added 10.51, or 1.4%, to 786.43.
Elsewhere in North American equities, the
Toronto Stock Exchange 300
rose 76.85, or 1.1%, to 6930.8 and the
Mexican Stock Exchange IPC Index
gained 71.91, or 1.4%, to 5122.39.
Wednesday's Company Report
Earnings estimates from First Call/Thomson Financial; earnings reported on a diluted basis unless otherwise specified. New highs and lows on a closing basis unless otherwise specified.
Microsoft jumped 5 15/16, or 6.9%, to 92 1/4 after it reported better-than-expected earnings last night. The company reported first-quarter operating earnings of 38 cents a share, 4 cents ahead of the 27-analyst estimate.
wrote about Microsoft's earnings in a story
Earnings/revenue reports and previews
slipped 1/16 to 54 9/16 after it posted third-quarter earnings of $1.76 a share, better than the 12-analyst estimate of $1.69 a share but down from a year-ago $2.49
Bausch & Lomb
bounced up 3 3/16, or 5.8%, after it said it doesn't know the reason for its stock's swoon since posting earnings last week. The company said it's comfortable with the consensus estimate for earnings in 2000. The 11-analyst estimate calls for the company to earn $3.08 a share in 2000.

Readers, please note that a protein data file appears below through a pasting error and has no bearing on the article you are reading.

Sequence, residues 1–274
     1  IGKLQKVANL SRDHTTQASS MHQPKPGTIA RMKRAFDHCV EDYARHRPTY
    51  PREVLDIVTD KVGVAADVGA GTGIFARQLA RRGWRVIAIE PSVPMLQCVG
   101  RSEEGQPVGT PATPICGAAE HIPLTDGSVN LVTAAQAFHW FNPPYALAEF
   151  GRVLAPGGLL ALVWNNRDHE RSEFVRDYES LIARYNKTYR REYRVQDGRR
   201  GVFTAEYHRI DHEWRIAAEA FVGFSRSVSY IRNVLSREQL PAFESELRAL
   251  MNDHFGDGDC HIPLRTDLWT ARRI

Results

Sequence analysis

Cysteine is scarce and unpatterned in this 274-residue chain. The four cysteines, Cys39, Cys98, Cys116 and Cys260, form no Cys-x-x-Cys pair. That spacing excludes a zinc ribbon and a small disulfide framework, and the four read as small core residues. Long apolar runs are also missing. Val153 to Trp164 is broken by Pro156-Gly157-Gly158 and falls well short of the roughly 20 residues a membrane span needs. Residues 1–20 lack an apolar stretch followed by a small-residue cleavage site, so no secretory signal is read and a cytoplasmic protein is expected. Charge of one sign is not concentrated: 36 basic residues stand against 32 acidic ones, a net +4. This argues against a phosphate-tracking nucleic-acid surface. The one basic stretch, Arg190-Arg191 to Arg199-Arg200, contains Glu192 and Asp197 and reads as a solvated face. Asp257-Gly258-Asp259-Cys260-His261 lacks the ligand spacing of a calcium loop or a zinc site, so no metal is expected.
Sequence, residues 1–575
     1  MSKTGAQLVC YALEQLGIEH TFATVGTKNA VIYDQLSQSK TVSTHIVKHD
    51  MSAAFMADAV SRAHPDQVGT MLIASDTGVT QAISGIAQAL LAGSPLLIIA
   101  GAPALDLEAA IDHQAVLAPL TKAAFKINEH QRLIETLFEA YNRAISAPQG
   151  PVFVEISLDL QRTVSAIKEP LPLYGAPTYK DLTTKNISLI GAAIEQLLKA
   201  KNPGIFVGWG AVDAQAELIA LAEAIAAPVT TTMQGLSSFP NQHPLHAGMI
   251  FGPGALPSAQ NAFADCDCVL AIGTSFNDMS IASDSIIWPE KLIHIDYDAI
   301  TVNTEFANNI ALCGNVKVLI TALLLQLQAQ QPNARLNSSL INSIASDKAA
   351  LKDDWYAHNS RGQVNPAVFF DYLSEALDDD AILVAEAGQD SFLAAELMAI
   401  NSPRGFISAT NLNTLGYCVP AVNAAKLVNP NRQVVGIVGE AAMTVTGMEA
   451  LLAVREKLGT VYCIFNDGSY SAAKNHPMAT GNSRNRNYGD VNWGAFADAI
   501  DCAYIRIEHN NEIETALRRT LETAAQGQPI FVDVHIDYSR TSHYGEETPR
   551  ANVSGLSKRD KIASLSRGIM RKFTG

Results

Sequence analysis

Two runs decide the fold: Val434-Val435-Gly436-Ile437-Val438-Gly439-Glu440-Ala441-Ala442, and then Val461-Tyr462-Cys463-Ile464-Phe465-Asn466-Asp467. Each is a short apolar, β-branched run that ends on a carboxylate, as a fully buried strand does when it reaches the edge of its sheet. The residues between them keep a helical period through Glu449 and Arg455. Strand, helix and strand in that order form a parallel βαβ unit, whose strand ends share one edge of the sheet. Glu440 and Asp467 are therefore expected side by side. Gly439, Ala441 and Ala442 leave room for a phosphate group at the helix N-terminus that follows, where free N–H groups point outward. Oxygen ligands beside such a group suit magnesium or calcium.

slipped 1/8 to 63 13/16 after posting third-quarter earnings of 76 cents a share, in line with the 17-analyst estimate and up from the year-ago 69 cents.
inched up 15/16 to 43 9/16 after it reported third-quarter earnings of 51 cents a share, beating both the 16-analyst estimate of 50 cents and the year-ago 41 cents a share, which included a depreciation and amortization charge.
fell 1 3/16 to 38 3/16 after it posted third-quarter earnings of $1.02 a share, in line with the eight-analyst estimate and up from the year-ago 73 cents.
inched up 7/16 to 37 1/4 after posting third-quarter earnings of 23 cents a share, a penny shy of the 27-analyst estimate. The company posted earnings of 8 cents a share in the year-ago period.